The City of Spring Hill was awarded a state energy grant by the Tennessee Department of Environment and Conservation to install a series of energy efficiency projects to create significant taxpayer savings on municipal utility costs.

The City of Spring Hill was one of only 13 government entities throughout the state to receive a share of more than $1 million in grant funds for energy efficiency projects announced recently by Tennessee Gov. Bill Haslam and TDEC Commissioner Bob Martineau. Spring Hill received  $26,409.78.

Grant recipients will implement projects designed to reduce air emissions, improve energy efficiency and create cost savings. Specifically, the projects focus on cleaner alternative energy, energy conservation and air quality improvement.

Spring Hill’s planned energy project is funded under a grant contract with the state of Tennessee and will include reducing electrical and HVAC consumption at the Spring Hill Water Treatment Plant, City Hall and the public library. The 50/50 matching grant will fund the cost of the project up to $55,319.06, of which TDEC will reimburse 50 percent up to $26,409.78.

Based on two years of utility bills, the three facilities use an average total of 2,064,180 kilowatt hours (kWh). The grant will allow the city to install indoor and outdoor LED lighting fixtures, energy-­efficient HVAC components and retrofits such as programmable thermostats and infrared wall switches that are expected to make the buildings 30‐40 percent more efficient. The city anticipates reducing energy usage by 198,025 kWh, equaling $19,802.00 in annual savings.

The estimated return on investment for the cost of all three projects is less than three years, and the recouping of city’s cost portion of the project is about 18 months. The project will be completed within less than six months after entering into a contract with TDEC, Polk said.

“I am very proud to have created this opportunity for the city of Spring Hill and its residents. Knowing these projects will begin saving energy instantly is crucial to starting the payback period,” said Spring Hill Stormwater Coordinator Jeremy Polk, who wrote the grant application. “I would encourage all residents to research energy efficient ideas for their residence. All are welcome to contact me through the city’s website with questions.”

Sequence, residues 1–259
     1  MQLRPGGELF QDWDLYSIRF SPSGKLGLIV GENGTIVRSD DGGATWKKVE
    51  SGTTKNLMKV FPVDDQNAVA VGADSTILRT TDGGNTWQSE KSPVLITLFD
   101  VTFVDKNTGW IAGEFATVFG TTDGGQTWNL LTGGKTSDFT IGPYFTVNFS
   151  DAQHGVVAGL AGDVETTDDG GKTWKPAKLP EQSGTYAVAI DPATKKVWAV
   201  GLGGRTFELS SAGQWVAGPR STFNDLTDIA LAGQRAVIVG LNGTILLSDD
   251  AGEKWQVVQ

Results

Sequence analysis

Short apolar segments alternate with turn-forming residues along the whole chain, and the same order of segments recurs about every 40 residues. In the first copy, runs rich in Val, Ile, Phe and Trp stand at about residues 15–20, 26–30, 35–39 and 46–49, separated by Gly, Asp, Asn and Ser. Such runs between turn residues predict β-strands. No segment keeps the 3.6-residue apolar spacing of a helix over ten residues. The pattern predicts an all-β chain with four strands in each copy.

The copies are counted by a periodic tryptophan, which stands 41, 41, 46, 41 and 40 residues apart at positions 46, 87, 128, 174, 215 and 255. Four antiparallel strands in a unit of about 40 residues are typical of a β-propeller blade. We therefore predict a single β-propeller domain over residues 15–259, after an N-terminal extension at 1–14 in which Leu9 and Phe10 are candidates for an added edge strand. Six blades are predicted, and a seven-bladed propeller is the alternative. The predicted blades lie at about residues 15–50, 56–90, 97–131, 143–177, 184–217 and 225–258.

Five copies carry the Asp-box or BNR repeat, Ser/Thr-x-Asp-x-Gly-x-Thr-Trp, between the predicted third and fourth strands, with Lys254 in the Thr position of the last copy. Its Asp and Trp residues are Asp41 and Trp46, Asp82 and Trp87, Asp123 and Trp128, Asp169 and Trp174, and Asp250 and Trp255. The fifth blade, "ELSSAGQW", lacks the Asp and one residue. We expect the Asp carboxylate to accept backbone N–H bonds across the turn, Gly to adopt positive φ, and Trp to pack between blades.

Funding for the projects comes from an April 2011 Clean Air Act settlement with the TVA. Under the consent decree, Tennessee received $26.4 million over the past five years to fund clean energy mitigation programs in the state. TDEC has used the funding to reimburse grantees for a variety of innovative projects to reduce environmental impacts and operating costs at sites of new construction, redevelopment projects, and sites with aging infrastructure.

“This year’s applicants have proposed creative energy efficiency programs designed to decrease emissions and reduce expenses at the local level,” TDEC Commissioner Martineau said in an August state news release about the grant program. “We will continue to look for ways to promote environmental awareness and energy efficiency within state government and in Tennessee communities.”

“I’m pleased that Spring Hill was able to use our energy audit recommendations to successfully apply for a Clean Tennessee Energy Grant and I encourage other communities to utilize the service,” said Molly Cripps, director of TDEC’s Office of Energy Programs. “We offer no-cost technical assistance to public sector entities in Tennessee to identify opportunities to reduce energy and water consumption in public buildings.”

Energy efficiency upgrades to City Hall include retrofitting the existing thermostats with seven-day, multi-time setting thermostats and replacing existing light switches with passive infrared occupancy sensors. The thermostats and sensors will optimize conditions when occupants are present and reduce operating costs during non-work hours. The city also will install a single-room, ductless, split-system HVAC unit in the electronics room.

Other improvements include:

  • The Spring Hill Water Treatment Plant retrofit of 33 metal-halide, 400-watt ceiling fixtures with LED high bay lights. Since these lights operate 24-7, the upgrades not only will save energy, but will significantly reduce the need for constant maintenance. The current lights last only 6-8 months and the new lights will last 8-10 years.
  • The Spring Hill Public Library installation of an automated Energy Management System for HVAC efficiency improvements. The system will monitor daily energy usage and HVAC operation and automatically report any issues to designated personnel. Lighting in the library also will be upgraded, replacing about a dozen 17S-watt metal halide bulbs with 42-watt LED bulbs. Beyond reducing energy and operational expenses, the upgrades also will provide a better experience for library users.

General public benefits show:

  • LED lighting gives off a strong white light that provides better illumination than what is currently installed, enhancing public safety and city employee work areas, and improving security lighting.
  • Programmable thermostats provide instant savings that will continue through the life of the facility. Existing thermostats do not support set back temperatures or schedules to maximize savings.
  • Passive IR ceiling and wall-mounted sensors decrease work time usage when personnel are not occupying areas, ensuring all lighting is off during non-­work hours and extending the life of existing lights, reducing replacement cost and installation labor.
  • Energy Management System (EMS) ensures the public library has a comfortable, relaxing environment while reducing usage and cost of non-work hours in setback mode. The electronic schedule will eliminate on-site personnel making daily adjustments and provide automatic notification of EMS-monitored maintenance issues.